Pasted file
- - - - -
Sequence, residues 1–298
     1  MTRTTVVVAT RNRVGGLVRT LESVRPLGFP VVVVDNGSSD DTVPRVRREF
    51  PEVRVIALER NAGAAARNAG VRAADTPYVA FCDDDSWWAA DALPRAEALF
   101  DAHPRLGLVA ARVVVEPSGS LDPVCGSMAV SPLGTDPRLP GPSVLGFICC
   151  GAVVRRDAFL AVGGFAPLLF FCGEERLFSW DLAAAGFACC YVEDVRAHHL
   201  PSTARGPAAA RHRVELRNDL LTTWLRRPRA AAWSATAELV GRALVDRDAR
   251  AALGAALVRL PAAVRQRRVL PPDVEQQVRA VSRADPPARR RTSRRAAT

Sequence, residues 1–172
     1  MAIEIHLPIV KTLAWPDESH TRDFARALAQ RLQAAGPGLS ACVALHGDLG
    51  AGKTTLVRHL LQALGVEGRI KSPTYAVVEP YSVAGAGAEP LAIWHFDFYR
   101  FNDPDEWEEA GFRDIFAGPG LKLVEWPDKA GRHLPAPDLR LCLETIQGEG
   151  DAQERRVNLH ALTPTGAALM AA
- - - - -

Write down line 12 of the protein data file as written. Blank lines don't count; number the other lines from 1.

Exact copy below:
   151  DAQERRVNLH ALTPTGAALM AA